After I wrote the last post I drove over to feed my daughter's cat. On the way I remembered something smart I once read about career planning:
Don't do what you love, do what you are.
Think about that.
I feel we are not being truthful when we tell young people do what you love and the money will follow.
If that was true someone would be paying me $200,000 a year to sit at my dining room table and order fabric online. Or someone else would make a good living telling funny golf stories at family dinners.
In fact my own experience is that doing what you love is too important to let the demands of trying to make money too mess with it.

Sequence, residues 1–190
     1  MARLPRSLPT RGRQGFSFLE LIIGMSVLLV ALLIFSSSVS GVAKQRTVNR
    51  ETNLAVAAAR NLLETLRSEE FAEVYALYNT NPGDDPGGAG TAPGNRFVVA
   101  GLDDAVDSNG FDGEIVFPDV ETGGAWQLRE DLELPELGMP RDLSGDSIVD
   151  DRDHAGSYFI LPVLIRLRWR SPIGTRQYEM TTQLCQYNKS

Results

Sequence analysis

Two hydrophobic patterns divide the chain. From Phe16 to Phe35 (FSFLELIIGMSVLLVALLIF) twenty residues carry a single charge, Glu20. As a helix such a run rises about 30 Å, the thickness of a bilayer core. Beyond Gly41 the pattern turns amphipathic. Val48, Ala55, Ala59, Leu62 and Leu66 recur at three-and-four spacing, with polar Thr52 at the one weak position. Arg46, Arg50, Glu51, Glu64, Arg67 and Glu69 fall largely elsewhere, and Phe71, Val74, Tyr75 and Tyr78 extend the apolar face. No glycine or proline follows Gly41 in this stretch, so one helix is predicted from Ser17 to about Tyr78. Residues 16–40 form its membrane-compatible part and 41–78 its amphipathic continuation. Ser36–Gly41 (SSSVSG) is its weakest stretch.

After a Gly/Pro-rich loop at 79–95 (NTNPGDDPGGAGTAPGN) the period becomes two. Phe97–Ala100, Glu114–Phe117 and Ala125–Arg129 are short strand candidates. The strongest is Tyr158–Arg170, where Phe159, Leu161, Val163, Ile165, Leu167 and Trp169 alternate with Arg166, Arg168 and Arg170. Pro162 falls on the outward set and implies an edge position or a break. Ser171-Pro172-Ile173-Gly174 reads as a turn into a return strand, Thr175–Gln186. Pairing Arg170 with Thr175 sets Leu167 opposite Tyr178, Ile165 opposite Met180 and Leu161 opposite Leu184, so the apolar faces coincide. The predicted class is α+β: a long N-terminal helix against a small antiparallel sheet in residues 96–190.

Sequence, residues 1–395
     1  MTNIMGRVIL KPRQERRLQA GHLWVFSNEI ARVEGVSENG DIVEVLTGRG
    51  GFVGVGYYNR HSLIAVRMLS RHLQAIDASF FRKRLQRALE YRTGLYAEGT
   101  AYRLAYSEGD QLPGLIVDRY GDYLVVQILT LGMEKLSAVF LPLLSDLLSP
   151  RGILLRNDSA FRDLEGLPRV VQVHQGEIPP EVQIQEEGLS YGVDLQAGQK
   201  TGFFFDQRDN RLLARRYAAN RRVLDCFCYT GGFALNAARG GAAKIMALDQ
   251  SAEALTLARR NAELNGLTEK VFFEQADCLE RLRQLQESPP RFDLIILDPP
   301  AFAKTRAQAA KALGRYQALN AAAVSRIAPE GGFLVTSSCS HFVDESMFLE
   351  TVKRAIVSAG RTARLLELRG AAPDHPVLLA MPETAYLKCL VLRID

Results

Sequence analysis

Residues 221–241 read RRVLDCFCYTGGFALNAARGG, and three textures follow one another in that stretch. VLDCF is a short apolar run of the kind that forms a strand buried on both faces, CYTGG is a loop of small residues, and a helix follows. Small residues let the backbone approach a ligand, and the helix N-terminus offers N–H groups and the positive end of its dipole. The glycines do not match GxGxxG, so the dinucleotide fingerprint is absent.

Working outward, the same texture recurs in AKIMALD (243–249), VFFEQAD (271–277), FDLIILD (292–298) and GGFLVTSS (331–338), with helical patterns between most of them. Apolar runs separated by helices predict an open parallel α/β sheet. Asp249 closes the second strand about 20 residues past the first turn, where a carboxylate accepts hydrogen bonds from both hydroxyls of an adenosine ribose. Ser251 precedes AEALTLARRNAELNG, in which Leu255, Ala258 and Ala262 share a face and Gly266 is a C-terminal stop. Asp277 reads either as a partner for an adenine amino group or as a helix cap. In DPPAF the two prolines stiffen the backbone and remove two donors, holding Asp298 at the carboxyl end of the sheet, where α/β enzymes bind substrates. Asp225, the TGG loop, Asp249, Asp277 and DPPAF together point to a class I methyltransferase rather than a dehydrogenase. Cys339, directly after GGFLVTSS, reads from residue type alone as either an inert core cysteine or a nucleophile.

Instead if you do what you are - a bossy person, a person who likes to make people feel good about themselves, a person who likes to go off on their own and figure it out - and you can find an environment where you are able to be this person, then you will find a job you love.
The difference is important.
So the question the young person needs to ask themselves is who am, I not what do I want to do. And if they have no idea who they are yet (and who does) then figuring that out and how to discover that, what experiences might make that clearer, is far more important than trying to tick off a course box on an application form.